The reality of Toronto is such that one can hardly save up or have enough money to buy their own home without the financial help of a parent or relative who is well-off. Sarah Larbi, a sales manager has gone against the movement and stood out as an exception by buying six houses (five of which she is renting out in Brantford) plus her home that she purchased some time back in Oakville.
The two types of people in Toronto housing market, are those who do not have a home and hoping that a crash will happen and those who have their home in this city and afraid or doubtful of a crash happening. Those in the first group have a tangible reason to be happy about a housing crash happening. Without a crash, anyone can buy a home without having a family member chip in any financial help. Based on a study done by Canada Mortgage and Housing corp., one in five first-time homebuyers are assisted by their relative to pay for their down payment.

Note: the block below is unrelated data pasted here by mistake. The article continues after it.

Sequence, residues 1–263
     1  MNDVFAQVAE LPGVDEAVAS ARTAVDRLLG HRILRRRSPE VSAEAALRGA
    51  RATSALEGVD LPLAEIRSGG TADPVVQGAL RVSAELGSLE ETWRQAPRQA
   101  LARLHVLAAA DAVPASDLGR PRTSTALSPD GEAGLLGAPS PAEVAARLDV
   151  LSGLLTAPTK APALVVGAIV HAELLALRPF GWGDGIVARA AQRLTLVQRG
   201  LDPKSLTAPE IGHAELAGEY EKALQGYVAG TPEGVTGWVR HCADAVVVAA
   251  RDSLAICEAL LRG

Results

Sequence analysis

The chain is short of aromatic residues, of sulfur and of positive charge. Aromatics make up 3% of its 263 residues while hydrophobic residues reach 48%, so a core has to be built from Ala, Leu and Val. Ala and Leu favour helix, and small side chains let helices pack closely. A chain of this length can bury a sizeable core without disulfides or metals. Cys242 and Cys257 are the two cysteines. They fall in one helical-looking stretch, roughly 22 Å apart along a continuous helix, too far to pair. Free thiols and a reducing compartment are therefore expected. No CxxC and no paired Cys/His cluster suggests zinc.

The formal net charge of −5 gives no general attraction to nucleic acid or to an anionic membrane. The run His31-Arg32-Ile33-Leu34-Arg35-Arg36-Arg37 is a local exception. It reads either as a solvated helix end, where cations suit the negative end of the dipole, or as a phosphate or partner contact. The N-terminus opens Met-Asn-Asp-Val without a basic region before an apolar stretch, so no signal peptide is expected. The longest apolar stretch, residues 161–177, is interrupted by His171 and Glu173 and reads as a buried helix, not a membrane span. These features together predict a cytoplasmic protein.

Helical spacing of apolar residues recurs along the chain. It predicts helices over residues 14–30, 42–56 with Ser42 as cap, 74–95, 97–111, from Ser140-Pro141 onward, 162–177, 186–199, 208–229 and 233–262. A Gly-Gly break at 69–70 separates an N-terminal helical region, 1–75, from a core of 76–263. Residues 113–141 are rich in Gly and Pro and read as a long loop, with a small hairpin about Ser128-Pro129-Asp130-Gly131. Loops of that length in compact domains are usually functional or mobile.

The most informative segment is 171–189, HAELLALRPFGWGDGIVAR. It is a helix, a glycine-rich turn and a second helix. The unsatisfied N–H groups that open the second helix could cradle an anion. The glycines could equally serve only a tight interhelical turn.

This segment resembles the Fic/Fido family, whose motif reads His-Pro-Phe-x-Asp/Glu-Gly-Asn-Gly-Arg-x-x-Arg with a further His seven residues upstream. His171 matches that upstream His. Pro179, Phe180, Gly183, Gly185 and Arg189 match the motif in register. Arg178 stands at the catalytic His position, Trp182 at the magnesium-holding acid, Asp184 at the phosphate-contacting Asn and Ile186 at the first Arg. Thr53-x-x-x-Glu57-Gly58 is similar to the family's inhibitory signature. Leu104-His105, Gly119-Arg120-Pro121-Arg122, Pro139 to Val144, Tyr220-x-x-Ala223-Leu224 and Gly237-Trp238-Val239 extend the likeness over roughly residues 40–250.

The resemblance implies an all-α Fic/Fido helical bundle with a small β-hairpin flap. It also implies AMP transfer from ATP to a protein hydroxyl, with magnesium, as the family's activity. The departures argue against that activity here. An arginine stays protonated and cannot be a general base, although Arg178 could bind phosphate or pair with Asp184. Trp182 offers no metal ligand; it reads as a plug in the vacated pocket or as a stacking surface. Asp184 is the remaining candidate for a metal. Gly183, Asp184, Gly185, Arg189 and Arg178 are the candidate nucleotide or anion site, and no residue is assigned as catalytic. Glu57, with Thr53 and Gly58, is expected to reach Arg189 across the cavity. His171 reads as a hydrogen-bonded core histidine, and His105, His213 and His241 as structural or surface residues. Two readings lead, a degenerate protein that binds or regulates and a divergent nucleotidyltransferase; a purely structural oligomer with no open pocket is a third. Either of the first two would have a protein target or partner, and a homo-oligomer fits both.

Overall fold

For instance, someone like Sarah who is a Toronto native has six houses with her common-law spouse, five of the houses are rented out, while she lives with her partner in Oakville. Sarah has been saving up for many years to have this residential empire build up to this. Sarah had no help whatsoever from relatives when she purchased her house in Oakville. She saves 50 per cent of the income that she got from her job as a sales manager for mainly food and Beverage Companies.
For most people, Toronto isn’t a sensible option for them, as it wasn’t for Sarah. The City is becoming the ideal place for young people to pass time in, but move away when it’s time for them to develop, because of the high prices of houses in the area. The ideal way is to invest in cheaper houses in other areas, apart from Toronto, you can later on use the equity to purchase something later in Toronto.